Discussion

In this study, we have demonstrated the formation of stable and uniformly sized MIN-6 spheroids using agarose-based concave micro-wells. The prepared spheroids were then immunoisolated with ALG and PLL using a novel coating approach. Up to now, several groups have developed polydimethylsiloxane-based micro-molds for creating cell aggregates, however, using this substrate requires further steps for modification of well surfaces and preventing cell adhesion15,16,17. Herein, the formed beta-cell spheroids were easily detached and retrieved from the agarose construct without any further need for treatment with trypsin or surface modification, which was an advantage for preventing damage to cells during the harvesting and coating process.

Microscopic observation followed by size analysis confirmed that the use of concave micro-wells facilitated the formation of uniform MIN-6 spheroids with a size range similar to pancreatic islets (150–250 μm) (Fig. 2c). In contrast, the diameter of aggregated cells formed on a flat-bottomed plate varied between 50 and 250 μm, and also resulted in accumulation of cell chains with non-uniform shape and a broad size distribution (Fig. 2a). The viability of these samples was notably affected and therefore such shapes are undesirable for coating. Previous studies have shown that culturing epithelial cells in a 3D environment could improve cell adhesion and intracellular signalling by providing an additional dimension for external cell interactions18. As a result, formation of beta-cell spheroids were studied as a means to mimic the real tissue and cell adhesions were observed by direct fluorescent staining of F-actin and cell nuclei of MIN-6 spheroids (Fig. 2d).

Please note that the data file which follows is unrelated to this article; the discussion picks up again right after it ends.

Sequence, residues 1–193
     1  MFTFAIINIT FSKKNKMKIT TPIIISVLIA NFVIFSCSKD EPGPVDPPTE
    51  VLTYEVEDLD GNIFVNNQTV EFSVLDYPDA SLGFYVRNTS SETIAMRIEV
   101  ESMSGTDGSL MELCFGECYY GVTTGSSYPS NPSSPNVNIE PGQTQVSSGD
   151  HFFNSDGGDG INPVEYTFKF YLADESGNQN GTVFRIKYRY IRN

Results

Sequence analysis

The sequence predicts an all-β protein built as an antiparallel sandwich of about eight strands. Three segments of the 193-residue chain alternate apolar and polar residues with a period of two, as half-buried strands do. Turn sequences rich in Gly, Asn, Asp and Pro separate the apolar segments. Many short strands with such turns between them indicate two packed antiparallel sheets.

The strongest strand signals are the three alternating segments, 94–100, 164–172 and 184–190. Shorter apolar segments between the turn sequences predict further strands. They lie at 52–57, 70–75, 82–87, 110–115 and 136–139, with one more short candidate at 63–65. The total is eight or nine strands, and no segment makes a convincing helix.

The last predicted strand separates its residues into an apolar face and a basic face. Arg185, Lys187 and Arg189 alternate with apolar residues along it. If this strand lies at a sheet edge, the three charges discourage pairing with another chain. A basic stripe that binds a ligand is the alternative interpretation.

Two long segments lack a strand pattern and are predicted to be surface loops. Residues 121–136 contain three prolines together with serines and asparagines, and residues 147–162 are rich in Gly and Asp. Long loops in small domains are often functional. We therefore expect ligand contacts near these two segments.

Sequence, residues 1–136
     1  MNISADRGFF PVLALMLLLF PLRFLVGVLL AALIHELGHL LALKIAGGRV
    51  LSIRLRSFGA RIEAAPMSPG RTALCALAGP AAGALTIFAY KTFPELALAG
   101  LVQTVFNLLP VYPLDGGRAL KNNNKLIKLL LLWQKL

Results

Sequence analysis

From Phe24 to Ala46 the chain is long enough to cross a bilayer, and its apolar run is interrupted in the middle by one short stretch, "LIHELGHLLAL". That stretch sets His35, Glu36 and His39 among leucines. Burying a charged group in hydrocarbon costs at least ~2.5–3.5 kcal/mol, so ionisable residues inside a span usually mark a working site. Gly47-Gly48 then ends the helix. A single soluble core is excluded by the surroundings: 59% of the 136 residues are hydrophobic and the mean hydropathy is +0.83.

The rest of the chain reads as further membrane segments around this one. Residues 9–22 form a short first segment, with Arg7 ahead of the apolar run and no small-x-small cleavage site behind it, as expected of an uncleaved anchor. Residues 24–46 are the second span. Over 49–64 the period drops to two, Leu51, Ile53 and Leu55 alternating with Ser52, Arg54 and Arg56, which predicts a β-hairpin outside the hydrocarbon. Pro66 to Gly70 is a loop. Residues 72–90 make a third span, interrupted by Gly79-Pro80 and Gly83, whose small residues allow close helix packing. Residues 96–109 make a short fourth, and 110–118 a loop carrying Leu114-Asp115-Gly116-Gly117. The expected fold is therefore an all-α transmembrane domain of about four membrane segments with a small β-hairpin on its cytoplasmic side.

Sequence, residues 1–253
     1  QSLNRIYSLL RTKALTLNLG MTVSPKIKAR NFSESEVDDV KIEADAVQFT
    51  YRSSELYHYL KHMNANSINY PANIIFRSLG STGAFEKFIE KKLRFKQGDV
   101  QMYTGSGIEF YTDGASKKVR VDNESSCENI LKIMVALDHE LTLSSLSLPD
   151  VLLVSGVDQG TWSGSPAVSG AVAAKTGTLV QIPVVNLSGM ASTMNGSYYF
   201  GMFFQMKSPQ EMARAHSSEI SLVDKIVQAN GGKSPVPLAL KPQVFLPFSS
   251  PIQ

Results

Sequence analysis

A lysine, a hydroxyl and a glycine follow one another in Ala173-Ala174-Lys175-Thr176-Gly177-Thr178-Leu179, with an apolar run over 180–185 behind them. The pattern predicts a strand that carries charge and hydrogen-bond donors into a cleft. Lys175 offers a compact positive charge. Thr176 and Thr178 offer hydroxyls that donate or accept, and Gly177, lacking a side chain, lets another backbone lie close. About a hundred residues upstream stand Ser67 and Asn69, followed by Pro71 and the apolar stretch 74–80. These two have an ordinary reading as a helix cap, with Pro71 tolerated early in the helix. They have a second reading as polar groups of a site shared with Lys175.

For the past two decades, coating mammalian cells using a layer-by-layer assembly of polyelectrolytes has been studied as a promising approach to reduce large void volume between the encapsulated cells and the surrounding environment utilising various materials, including both synthetic and natural polymers9,19. However, using this approach and the application of positively charged polymers in direct contact with cells can be detrimental to cell survival and functionality13. Hence several groups have demonstrated the effect of modifying polycations with different materials, including poly(ethylene) glycol and phosphoro-choline to reduce their toxicity and inflammatory responses19,20,21. Herein, we chose PLL and ALG as the cationic and anionic polymers, respectively. However, as a novel approach to reduce the toxicity of PLL, cells were first suspended in 100 mM of CaCl2, which enhanced the formation of a layer of ALG prior to the addition of PLL on the cell’s surface. Results from live/dead staining suggested that the coating approach used in this study, enhanced cell survival by 25% in comparison with the conventional LBL procedure after being coated for 8 days (Fig. 3c). Also, a possibility for the clusters of dead cells observed in Fig. 3b might be secretion of harmful chemicals, associated with dead cells.